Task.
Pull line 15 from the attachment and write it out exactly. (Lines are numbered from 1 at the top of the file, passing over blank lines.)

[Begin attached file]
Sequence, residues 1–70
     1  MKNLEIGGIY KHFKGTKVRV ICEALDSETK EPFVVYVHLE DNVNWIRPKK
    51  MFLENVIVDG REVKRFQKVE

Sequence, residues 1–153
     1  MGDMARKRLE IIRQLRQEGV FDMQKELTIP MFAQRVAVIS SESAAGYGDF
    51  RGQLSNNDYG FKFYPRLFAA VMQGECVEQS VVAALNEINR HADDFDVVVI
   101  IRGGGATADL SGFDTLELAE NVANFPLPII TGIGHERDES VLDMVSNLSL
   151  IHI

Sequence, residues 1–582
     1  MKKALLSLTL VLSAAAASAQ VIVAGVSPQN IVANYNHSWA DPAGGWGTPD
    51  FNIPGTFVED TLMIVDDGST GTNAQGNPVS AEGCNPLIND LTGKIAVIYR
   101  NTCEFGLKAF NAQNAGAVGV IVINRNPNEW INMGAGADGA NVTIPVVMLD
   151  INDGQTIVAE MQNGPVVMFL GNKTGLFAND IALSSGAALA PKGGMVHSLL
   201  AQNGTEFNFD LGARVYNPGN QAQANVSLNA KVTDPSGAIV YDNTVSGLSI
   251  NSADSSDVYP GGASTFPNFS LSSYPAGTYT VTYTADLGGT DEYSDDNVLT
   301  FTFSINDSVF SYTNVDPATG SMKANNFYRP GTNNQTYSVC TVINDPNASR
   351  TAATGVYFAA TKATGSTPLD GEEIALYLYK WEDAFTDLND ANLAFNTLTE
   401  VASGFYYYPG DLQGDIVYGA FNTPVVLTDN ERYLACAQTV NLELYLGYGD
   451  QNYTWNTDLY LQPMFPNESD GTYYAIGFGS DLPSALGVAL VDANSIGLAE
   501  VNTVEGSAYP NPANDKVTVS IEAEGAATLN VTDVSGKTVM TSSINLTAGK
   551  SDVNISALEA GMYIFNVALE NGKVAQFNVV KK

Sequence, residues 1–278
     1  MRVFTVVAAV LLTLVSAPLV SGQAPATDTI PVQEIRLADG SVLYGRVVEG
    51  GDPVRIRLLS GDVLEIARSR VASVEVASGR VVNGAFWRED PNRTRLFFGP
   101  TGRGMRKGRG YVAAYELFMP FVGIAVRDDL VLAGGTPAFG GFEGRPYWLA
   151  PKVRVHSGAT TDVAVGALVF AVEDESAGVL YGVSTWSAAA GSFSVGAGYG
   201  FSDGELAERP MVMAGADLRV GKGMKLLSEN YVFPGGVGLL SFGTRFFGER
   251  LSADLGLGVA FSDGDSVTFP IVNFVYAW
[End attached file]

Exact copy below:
   251  NSADSSDVYP GGASTFPNFS LSSYPAGTYT VTYTADLGGT DEYSDDNVLT